5. I'm reminded of Daniel Pink's book "Drive." One of its many fine messages is that when corporate leaders value their employees as much or more than revenue generating customers, that the morale and company thrive. Creating motivation isn't just reliant on pep talks or inspiration. Leaders, whether they are running a company or a family, can act to solicit ideas and feel good engagement from others. We feel good and get morale because we have done something worthwhile. More doing, more productivity, more results, more morale.

  6. Catarina – I agree that it is more of a challenge in a multi-national organization, however, it is possible to (pardon the cliche-jacking) to act locally, but think globally. In other words, stay true to the mission and vision of the global organization, but create the culture that makes the local office thrive versus their sister sites. The CEO has his tree, which he/she impacts, but each site leader can have an impact on their teams as well… Just my two cents in response, but, I do agree with you it is more challenging.

  7. Chad – Great question, and an interesting challenge. Some people you just have to be blunt with. Since it is her attitude, I would have a very frank face to face conversation with her as it is easier to become combative over the phone or video conference, versus in person. What was it that brought her to the team and is she exhibiting those same skill sets, or has she been soured. You are driving the bus and setting the expectations for your team. She can make the decision if the position is still the right fit, or if she needs to see if another organization might be interested in her talents. I have had those conversations with team members (obviously a different environment) on numerous occassions. Some didn't realize the effect they were having on the team, others didn't care, and as a result it effected their performance evaluations and work opportunities. You are in a tough position my friend, but the sooner you address it, the sooner it will improve or work itself out. Also, let your manager and HR know what you are doing and how you are handling the situation. The sooner you get your HR team behind you, the easier the road is going to be.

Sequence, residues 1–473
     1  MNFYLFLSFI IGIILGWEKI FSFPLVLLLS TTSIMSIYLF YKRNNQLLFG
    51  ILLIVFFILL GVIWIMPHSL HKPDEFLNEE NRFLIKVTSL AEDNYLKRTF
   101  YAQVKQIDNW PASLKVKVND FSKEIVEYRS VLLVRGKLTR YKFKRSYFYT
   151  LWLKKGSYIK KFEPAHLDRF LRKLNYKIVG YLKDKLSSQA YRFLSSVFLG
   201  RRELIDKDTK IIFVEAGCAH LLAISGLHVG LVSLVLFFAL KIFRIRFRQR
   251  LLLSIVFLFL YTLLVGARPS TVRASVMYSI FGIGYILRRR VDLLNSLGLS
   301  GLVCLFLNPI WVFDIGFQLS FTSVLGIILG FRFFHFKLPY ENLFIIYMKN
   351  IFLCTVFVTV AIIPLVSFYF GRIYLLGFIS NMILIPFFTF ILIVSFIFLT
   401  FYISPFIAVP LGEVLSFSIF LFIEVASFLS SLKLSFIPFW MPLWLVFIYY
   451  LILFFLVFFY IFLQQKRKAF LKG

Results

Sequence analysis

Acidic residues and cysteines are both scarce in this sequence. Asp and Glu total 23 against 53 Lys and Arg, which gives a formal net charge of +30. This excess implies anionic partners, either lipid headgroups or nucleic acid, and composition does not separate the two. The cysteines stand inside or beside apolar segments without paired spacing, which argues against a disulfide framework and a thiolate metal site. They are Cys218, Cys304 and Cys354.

8. Here from BHB on LinkedIn. I must say that I really connected with this post. I have worked both in a small office environment and in an international company. One of the things that impresses me is when the 'leader' of the international company comes walking through the work place and shakes hands with the employees. It makes them feel valued. I have also seen small employers fail miserably at making this kind of connection. If you are too big to make the connection, then you are too big. Great Post!

  9. I work mostly in a virtual environment and agree with this. It's even more challenging to build a strong team when everyone isn't in the same place. However, it's pivotal to do this to have a successful team. I think the best way to do this virtually is to ensure everyone stays in touch and makes regular use of the phone to have 1×1 conversations. It's too easy to shoot off an email but rarely as effective as a conversation.

  10. Motivation and morale; a voaltile combination. So which comes first, motivation or morale? Motivation comes in two flavors; intrinsic and extrinsic. Intrinsic says, I am self motivated, therefore my morale is high and self-regulated. Extrinsic say, I need stuff to be motivated; I don't get stuff, I'm not motivated -my morale is low. This is quite the pickle.

  11. Adeline – My apologies for removing your comment! It was an excellent comment about how outside influences can impact a persons morale and motivation inside the office. I agree with your point and would add that regardless of what occurs outside of the office, it is important that the at work environment be an engaging environment, and one that a person should want to be at, kind of like a "safe place".Again, I was on my mobile device and my hand slipped and accidently removed your comment. I do appreciate you taking the time to read and post a comment!Mark